In a Pickle

Food preservation doesn't have to be a thing of the past.

“If we change our relationship to food, we can change our relationship to the planet,” said Navina Khanna in a Salon.com article about the “Food and Freedom Ride” organized by the Slow Food Movement.

Slow Food is a global movement that attempts to connect “the pleasure of food with a commitment to the community and the environment.” Food is not a privilege because it is imperative for human survival. It is intrinsic to our species-being. Marx states that as individuals we are representatives of a large universal–species-being. We are all connected to and by nature, so when we treat nature and ourselves with anything but respect, we are negatively affecting our relationship to nature–we are estranging ourselves from our species-being.

The industrial food system has severed the relationship between food and community. The pleasure of eating and the pleasure of food are linked with our relationship with people. Wendell Berry believes that we will take more pleasure in eating if we know where our food comes from and what is in it. By preparing food for ourselves and our loved ones, we are able to ensure that what we are eating is healthy, is pure, and is natural. The food industry hinders us from having control over what we eat. Food becomes a commodity. It now seems natural that our food is produced in some unknown location by some strange person, and we’re not really sure what goes in it.

Last night I invited a few friends over to pickle their own favorite vegetables. The idea was to see if pickling in a group would be more enjoyable than pickling alone on a Friday night. Much like a potluck, each person brought their own vegetables and spices they wanted to use. I supplied different varieties of vinegar and sugar. We came together with the same intent: we wanted to make pickles without high fructose corn syrup or Yellow 5. We wanted to pickle organic, local produce and have control over what we were making. Yes, we “wanted” to pickled our own food. We didn’t “have” to pickle our own food for the sake of survival.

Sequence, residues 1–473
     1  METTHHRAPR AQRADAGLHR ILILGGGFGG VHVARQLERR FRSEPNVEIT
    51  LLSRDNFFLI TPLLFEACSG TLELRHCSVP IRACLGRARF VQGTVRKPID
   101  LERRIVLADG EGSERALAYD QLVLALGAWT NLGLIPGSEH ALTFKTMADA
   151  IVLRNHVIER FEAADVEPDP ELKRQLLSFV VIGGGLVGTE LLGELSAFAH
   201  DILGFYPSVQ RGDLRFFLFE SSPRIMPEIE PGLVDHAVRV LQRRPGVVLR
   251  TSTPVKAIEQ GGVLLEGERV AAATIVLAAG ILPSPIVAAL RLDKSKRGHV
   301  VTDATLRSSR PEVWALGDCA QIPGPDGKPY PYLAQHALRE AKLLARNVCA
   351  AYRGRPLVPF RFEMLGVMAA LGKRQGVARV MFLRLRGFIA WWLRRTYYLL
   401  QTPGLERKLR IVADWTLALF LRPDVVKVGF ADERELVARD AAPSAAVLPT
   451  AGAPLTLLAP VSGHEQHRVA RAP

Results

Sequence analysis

Pickling, today, is more of a hobby as opposed to a means of survival. Although, for many people, hobbies do eventually become vocations. Anyone who enjoys gardening or knitting or reading enough will seek out a group of like-minded individuals so she can become immersed in a community devoted to her passion. In forming a pickling community, people can develop a deeper relationship to pickling, as a community of picklers becomes a world within a world dominated by an industrial food system.

My friends and I talked of spices and recipes we would use our pickled vegetables in over glasses of red wine as we waited for pots of vinegar to boil. We joked about being “pioneers,” and, perhaps, we are. We’re pioneering a new-old way to experience food in the industrial world. It’s romantic. We all knew it was romantic. I think we were all silently communicating to each other how impractical it would be to adopt this as a lifestyle when we isolated ourselves in the action of dicing and slicing our own vegetables. But it was fun. We were enjoying ourselves.

Vinegar pickling was a practical method of food preservation before refrigeration and vacuum packaging were introduced. Before the 20th century, home pickling was part of everyday American life. In fact, most production happened in the home. In the preindustrial world there was no domestic or public sphere, men or women’s work. Families worked together as a unit to produce food, clothing, things that have now been commodified, themselves. Every family member had value and was responsible for some means of production. Industrialization broke up the family “unit.” Once production moved outside of the house, the roles individual family memebers played had to be altered: one person needed to enter the public sphere and “earn” a living, while the other person needed to run the household. Working in the public sphere became more valuable than working in the domestic sphere.